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Showing posts from July 25, 2021

WTI Oil Price against EIA Crude Inventories: why my machine learning algorithm failed to find the ultimate formula?

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  The crude oil price, which took a dramatic fluctuation last week, finally got the ultimate market stabilizer – the fall of the US crude oil inventories. It boosted the volatile markets with much needed impetus for some sort of stability. The draw of over 4 million barrels for the week ending July, 23, did the trick; the oil price started going green again on investors’ screens. That, however, has not been the case always – at least recently; the fall of US oil inventories did not bring about the desired effect on the crude oil markets, especially when the hopes of reviving the JCPOA, 2015 Iranian nuclear deal, sea-sawed wildly in the past few months. Against this backdrop, I was tempted this week to check the feasibility of coming up with a model to predict the weekly WTI crude price against the US inventory stocks. I used JavaScript programming to write just 160 lines of code in order to make a Machine Learning algorithm.     You can get real data – the weekly oil price an

Oil Price: US inventory draw lifts the market mood up

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  The unsettled crude oil markets seem to have got a mood booster, having been through some chaotic market speculations - at last. With the release of the latest US inventory data by the EIA, US Energy Information Administration, the markets found some hope and the price of crude oil got back into the ‘green’ realm. The EIA disclosed that the US crude oil inventories dropped by 4.1 million barrels during the week ending July 23; the predicted draw for the same period by the API, American Petroleum Institute, was 4.728 million barrels. It was substantial, given the rising Coronavirus infections in the US. Its emotional impact on the crude oil markets was crucial and reaction was understandable.   The price has been rising, but at a slower rate, perhaps, due to the anxiety of the investors about the rising uncertainties in the Middle East. The looming departure of the US troops from Iraq and the prospect of new actors in the region filling in the vacuum thus created are causing

The withdrawl of American troops from Iraq and its direct impact on the crude oil markets

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The recent meeting between Mustafa al Kadhimi, the Iraqi prime minister and President Jo Biden at the White House came at a critical time for Iraq, in particular and the region, in general. In more than one way, the beleaguered Iraqi prime minister is stuck between a rock and a hard place at present: on one military front, the ISIS resurgence is real and alarming; on a diametrically opposite front, Iran backed militia groups are flexing their muscles; the grievances of ordinary Iraqis, meanwhile, grow exponentially even with daily survival at stake. Against this backdrop, the Iraqi government, time and again, demanded the departure of all foreign troops – most likely the Americans. That’s what exactly the US is going to do by the end of the year. Iraqis – and their prime minister – however, know very well that in the absence of foreign troops, Iraq will not descend into a military vacuum; on the contrary, it will be a haven for foreign elements without the legitimate zeal. The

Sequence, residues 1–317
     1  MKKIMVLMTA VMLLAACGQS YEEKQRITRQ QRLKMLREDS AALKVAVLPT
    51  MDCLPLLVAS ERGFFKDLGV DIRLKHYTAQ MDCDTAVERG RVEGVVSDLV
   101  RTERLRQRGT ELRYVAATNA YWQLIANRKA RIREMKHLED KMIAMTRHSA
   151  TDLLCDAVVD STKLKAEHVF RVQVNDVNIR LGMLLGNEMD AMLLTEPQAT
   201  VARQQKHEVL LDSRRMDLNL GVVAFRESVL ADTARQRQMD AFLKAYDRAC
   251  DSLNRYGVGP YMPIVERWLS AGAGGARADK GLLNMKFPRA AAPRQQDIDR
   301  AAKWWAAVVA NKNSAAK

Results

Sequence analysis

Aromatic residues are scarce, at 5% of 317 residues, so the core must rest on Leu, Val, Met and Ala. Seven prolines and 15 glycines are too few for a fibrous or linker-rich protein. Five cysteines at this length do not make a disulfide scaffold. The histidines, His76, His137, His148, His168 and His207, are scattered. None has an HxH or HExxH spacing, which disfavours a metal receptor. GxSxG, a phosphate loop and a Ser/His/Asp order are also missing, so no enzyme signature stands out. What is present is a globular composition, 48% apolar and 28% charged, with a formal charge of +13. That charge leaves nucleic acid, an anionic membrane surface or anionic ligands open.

Oil Price in 2021: evolving Middle Eastern politics still weighs heavily on it!

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  Global crude oil markets, which saw a highly tumultuous days during the week, finally reached an uneasy equilibrium by the weekend, with the price of WTI and Brent reaching $72.07 and $74.10 respectively. Exactly a week before to date, Prince Abdulaziz bin Salman, the Saudi energy minister, supported by the mediation of Russia, managed to reach a deal to overcome an impasse over a baseline,   with the UAE. While refusing to divulge the details, Prince Abdulaziz, the half-brother of Saudi Crown Prince, Mohamad bin Salman, said that consensus building was an art, referring to the success of repairing a major rift in the OPEC+; not only did it show the influence wielded by the Saudis in the OPEC+, but also their tendency to exercise flexibility when the need arose. Just after the deal, the Crown Prince of Saudi Arabia and his counterpart of the UAE met in Riyadh, the Saudi capital, perhaps, in order to iron out a catalogue of other burning issues that sprang up in the aftermath of

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